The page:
Canadian Forest Service Publications
A snapshot of New Brunswick non-industrial forest owners in 2011: Attitudes, behaviour, stewardship and future prospects. 2012. Nadeau, S.; Beckley, T., McKendy, M.; Keess, H. Appendix 1 in A study conducted for the Private Forest Task Force. Government of New Brunswick, Fredericton, NB.
Issued by: Atlantic Forestry Centre
Catalog ID: 33604
Availability: PDF (request by e-mail)
To guide provincial forest policy, it is essential to understand the values, aspirations, practices, and perspectives of the tens of thousands of New Brunswickers’ who own forest land. Whether the issue is the fiber supply, biodiversity conservation, recreation, hunting, carbon management, forest certification, or global competitiveness, forest landowners factor into the provincial picture as they control nearly a third of the province’s forest. The last significant attempt to scientifically examine forest landowners occurred in the early 1980s, around the time of the tabling of the Crown Lands and Forest Act of 1982, which has guided provincial forest policy for the last 30 years. Norfolk and Erdle (2005) have shown that, on average, privately owned forested parcels change hands about every 18 years. As well, by some measures, generational cohorts occur every 18–20 years. Therefore, it has been nearly two generations since a systematic attempt has been made to examine New Brunswick’s forest landowners and, over that time, the average parcel may have changed owners twice.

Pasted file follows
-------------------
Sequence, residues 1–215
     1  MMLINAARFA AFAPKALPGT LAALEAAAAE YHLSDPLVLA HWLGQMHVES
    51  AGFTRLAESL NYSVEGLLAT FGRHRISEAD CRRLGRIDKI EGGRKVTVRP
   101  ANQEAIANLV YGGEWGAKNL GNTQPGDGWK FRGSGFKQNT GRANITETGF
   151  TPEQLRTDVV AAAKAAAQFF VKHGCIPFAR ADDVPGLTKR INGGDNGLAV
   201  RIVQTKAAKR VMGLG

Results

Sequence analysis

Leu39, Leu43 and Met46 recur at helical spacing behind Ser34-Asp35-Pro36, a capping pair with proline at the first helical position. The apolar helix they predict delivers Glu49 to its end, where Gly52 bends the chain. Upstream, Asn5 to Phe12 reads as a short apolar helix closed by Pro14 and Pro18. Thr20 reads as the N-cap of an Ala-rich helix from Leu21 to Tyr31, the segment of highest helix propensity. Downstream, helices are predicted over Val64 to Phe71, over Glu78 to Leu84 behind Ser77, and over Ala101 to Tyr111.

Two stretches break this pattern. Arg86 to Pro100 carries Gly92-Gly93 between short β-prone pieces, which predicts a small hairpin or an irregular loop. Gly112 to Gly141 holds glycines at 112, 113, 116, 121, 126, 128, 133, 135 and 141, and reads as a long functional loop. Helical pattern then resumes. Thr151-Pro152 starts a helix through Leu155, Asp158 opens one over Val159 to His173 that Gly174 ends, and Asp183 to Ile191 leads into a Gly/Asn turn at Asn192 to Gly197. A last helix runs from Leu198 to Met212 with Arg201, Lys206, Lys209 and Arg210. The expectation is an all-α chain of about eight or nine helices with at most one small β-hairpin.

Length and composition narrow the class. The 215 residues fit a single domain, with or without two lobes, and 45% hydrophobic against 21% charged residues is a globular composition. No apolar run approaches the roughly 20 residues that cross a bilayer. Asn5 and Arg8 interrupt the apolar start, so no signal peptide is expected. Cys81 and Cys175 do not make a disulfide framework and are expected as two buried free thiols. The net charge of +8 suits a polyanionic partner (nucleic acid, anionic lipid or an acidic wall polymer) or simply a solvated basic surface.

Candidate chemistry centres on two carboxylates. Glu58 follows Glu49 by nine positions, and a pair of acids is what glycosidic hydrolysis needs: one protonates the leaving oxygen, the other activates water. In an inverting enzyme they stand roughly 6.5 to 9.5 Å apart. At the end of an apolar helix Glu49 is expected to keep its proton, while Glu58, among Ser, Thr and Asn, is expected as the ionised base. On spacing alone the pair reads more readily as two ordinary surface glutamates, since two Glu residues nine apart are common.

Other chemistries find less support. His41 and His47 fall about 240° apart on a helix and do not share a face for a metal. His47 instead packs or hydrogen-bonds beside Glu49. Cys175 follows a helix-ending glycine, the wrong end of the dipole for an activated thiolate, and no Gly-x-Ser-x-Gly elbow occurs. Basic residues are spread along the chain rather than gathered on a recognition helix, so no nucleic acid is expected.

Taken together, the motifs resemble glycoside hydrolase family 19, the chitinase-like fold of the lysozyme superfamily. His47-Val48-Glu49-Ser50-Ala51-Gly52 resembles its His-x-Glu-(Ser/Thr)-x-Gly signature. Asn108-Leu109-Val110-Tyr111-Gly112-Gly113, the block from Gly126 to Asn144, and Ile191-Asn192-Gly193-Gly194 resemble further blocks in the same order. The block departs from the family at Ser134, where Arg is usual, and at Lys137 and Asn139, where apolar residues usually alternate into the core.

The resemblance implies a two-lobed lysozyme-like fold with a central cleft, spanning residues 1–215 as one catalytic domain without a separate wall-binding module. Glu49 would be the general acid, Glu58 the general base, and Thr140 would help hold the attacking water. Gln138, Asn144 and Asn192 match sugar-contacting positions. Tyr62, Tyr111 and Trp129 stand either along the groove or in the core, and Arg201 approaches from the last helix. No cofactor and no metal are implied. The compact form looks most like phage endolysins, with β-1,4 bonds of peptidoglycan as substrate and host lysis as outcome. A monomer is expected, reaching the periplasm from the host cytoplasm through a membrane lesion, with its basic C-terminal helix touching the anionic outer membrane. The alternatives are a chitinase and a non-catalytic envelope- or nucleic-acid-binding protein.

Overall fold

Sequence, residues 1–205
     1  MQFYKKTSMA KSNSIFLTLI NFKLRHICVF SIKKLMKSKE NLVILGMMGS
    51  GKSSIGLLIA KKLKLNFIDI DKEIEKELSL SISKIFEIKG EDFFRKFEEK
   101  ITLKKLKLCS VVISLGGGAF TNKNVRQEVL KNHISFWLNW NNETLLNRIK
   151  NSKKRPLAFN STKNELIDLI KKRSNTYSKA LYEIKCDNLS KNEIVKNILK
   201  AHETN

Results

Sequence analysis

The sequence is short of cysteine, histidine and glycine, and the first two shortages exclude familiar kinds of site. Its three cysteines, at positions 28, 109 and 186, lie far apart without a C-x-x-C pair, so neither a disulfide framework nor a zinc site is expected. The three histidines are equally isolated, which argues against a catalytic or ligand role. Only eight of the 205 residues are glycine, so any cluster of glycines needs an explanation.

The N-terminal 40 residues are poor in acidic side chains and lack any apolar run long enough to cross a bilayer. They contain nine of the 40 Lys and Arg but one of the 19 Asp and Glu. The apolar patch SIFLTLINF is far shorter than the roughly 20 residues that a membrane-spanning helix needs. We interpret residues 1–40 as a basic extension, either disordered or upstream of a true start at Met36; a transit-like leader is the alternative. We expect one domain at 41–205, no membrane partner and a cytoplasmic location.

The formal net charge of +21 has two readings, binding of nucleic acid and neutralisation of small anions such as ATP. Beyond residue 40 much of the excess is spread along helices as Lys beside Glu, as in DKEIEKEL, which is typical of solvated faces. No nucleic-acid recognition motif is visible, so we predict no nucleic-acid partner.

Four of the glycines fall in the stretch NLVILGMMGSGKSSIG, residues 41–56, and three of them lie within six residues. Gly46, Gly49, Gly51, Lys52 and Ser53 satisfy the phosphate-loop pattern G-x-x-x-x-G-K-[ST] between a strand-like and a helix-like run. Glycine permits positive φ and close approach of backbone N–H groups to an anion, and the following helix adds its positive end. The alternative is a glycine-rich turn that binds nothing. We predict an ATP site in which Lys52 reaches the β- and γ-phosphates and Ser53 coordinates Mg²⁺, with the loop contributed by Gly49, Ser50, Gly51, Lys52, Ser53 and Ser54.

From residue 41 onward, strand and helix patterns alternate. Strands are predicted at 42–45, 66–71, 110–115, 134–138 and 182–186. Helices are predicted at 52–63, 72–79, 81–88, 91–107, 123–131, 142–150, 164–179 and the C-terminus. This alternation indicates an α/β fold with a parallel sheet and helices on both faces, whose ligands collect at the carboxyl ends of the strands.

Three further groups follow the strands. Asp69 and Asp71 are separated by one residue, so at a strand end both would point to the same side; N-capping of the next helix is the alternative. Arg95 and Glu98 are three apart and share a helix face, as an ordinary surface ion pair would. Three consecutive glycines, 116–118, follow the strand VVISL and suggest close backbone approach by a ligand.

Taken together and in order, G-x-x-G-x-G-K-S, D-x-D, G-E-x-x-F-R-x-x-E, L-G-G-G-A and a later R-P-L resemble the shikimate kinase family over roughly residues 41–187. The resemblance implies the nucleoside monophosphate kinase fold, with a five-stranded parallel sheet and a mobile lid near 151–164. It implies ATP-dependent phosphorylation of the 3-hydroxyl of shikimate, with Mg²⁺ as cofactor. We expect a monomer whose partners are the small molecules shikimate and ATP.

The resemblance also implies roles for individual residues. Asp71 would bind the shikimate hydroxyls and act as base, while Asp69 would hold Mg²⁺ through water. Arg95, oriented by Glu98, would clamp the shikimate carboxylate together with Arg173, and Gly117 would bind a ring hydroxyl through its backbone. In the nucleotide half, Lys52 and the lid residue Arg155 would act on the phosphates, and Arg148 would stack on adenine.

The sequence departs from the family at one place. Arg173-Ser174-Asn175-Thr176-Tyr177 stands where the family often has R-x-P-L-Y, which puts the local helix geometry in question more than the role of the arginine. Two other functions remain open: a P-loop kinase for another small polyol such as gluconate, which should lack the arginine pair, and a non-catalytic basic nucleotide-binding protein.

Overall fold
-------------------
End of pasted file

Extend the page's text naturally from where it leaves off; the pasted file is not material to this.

The present New Brunswick government committed to holding a forest summit if they were elected. In November of 2010, the New Brunswick Forestry Summit was convened with the intent to develop strategies to support forest industry in the province. One outcome of that event was a desire on the part of the new government to obtain a better picture of the state of public and private forest land across the province. The government appointed and funded the Private Land Task Force (PLTF) to undertake part of this enquiry. This report, commissioned by the PLTF, presents results from a survey that was developed to provide the PLTF and the government with a profile of non-industrial forest owners in New Brunswick, including: their values, the use they make of their forest land, and their attitudes toward key forestry issues.